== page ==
Asparagus in a Pot? Well, Why Not?


I’ve wanted to grow asparagus for years but the planting instructions always sent me running – Dig a deep trench, make a mound in the center, put in your plants, fill it a little, come back later and fill it more, and wait, and wait… Plus, face it, not many of us have the space to make a real asparagus bed or plan to stay somewhere long enough to get the benefit of it ( Asparagus is a long lived perennial, living 15 to 25 years or more.) Still, I remember picking wild asparagus along the railroad tracks every spring as a child, and the memory of when it was a special treat only enjoyed for a few weeks in the spring makes we want to experience it as a seasonal wonder again, not the year round staple it is now. So, how to get my own little nostalgic harvest without all the back breaking preparation?

Why not grow it in containers? Asparagus (Asparagus officinalis) is a member of the lily family and originally hails from the Mediterranean and Asia Minor. It was cultivated by the Egyptians, Romans and the Greeks. It needs deep, well-drained soil and undisturbed roots. It loves the sun and will thin out and eventually die in shady areas. The foliage is a soft ferny green and quite ornamental. It turns a rich golden yellow in the fall. A container would be very attractive in a perennial garden mixed with bold foliaged black eyed susans in summer and asters like Bluebird or Lady in Black in the fall. It needs to be a large pot, at least 20 inches deep and wide. I saw pictures of it growing in various motley tubs and such, but why not give it a handsome pot deserving of its history and long life. A good looking pot also adds interest to a bare perennial bed in winter. Use an excellent potting soil. Fill the pot up to 6 to 8 inches of the top and lay your asparagus crown right side up on the potting mix. Cover with about 2 inches of soil. When tips emerge, cover with 2 more inches of soil, and so on until you fill the pot. Then just let the ferny fronds grow. Cut them back in the fall after they die completely back. Don’t harvest your asparagus the next year and only for a couple of weeks the year after that. This will ensure a strong healthy and long lived plant.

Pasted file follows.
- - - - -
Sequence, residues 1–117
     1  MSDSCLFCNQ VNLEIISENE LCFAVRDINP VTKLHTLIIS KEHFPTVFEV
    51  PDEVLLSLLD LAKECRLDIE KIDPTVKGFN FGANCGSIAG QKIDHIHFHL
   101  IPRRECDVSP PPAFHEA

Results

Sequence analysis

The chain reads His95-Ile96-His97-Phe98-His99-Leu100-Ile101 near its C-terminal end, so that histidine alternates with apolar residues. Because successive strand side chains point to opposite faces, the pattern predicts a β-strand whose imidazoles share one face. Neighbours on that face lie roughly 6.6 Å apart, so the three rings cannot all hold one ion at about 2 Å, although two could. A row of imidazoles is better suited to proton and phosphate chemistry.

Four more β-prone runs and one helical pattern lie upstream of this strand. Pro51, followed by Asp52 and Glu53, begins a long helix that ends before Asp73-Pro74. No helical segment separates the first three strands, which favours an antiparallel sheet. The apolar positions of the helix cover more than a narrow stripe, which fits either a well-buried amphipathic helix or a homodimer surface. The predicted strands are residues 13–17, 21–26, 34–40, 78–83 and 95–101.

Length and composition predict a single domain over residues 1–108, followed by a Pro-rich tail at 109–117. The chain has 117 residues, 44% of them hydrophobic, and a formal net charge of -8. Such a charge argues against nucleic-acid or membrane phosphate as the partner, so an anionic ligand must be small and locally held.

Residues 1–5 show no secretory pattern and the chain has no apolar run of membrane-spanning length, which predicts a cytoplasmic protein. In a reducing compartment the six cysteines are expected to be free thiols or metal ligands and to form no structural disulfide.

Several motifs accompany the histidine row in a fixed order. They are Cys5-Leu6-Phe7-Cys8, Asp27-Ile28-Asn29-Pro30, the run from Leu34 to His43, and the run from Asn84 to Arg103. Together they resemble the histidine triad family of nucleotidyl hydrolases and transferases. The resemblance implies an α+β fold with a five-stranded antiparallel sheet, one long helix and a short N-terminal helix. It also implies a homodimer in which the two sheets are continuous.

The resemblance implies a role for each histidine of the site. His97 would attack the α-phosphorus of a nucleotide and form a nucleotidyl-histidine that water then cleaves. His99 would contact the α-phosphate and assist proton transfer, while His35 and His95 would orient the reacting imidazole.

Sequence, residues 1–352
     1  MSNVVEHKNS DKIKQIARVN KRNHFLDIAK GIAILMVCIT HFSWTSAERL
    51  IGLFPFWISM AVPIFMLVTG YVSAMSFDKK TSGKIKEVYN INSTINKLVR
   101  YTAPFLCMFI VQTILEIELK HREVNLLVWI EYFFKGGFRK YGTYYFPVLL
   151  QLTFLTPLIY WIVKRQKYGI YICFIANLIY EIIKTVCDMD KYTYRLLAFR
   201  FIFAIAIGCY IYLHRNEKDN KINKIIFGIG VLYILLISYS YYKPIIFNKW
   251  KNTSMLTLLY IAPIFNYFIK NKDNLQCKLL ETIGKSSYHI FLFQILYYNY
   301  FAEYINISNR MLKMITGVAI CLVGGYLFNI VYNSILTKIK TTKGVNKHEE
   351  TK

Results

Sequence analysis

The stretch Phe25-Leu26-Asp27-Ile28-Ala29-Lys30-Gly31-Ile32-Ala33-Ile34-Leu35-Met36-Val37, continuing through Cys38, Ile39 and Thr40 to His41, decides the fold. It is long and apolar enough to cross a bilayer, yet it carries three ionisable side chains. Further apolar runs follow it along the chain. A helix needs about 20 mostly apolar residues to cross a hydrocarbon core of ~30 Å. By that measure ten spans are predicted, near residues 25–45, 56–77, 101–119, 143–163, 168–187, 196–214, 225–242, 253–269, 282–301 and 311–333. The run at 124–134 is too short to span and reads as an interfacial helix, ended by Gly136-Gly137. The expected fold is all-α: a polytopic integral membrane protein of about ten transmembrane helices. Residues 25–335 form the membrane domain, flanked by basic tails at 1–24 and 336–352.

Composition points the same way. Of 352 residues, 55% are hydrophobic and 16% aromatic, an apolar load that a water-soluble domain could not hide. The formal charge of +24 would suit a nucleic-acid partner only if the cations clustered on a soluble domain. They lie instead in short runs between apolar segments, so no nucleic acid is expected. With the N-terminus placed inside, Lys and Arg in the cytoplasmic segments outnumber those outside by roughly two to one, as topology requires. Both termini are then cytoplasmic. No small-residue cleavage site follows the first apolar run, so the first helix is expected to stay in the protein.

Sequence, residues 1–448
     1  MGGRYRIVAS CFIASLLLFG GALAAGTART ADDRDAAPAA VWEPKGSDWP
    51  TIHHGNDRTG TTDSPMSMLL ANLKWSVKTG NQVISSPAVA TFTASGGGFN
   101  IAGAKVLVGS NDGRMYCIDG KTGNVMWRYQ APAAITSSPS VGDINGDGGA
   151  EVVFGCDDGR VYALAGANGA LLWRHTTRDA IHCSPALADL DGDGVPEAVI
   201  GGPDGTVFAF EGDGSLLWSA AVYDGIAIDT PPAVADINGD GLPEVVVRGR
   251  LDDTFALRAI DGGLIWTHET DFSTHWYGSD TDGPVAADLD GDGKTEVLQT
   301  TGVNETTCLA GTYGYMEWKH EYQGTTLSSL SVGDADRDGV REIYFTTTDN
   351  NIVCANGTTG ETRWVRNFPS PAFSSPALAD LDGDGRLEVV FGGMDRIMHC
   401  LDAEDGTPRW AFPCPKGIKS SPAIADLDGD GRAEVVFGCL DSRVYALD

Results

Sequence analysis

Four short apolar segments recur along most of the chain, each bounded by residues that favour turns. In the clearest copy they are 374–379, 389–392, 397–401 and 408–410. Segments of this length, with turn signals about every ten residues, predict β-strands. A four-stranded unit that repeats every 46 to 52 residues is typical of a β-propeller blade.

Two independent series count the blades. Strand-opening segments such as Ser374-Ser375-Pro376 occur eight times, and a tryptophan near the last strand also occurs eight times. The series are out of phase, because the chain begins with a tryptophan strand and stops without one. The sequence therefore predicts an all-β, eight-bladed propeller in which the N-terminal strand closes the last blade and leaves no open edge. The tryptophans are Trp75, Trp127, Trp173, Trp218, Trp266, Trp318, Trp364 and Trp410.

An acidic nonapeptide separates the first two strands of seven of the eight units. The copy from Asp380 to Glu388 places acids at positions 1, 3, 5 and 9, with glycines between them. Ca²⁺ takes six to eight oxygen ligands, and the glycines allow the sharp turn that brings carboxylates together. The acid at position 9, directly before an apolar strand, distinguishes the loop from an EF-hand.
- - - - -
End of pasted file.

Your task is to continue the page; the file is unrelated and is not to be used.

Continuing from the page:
So realistically you won’t get more than a taste each year from a potted asparagus plant, but it’s pretty and it’s fun and you may be inspired to plant a few more as a border along the garage. Maybe this spring I’ll stroll along the train tracks and see if some of those wild plants are still there. Who knows?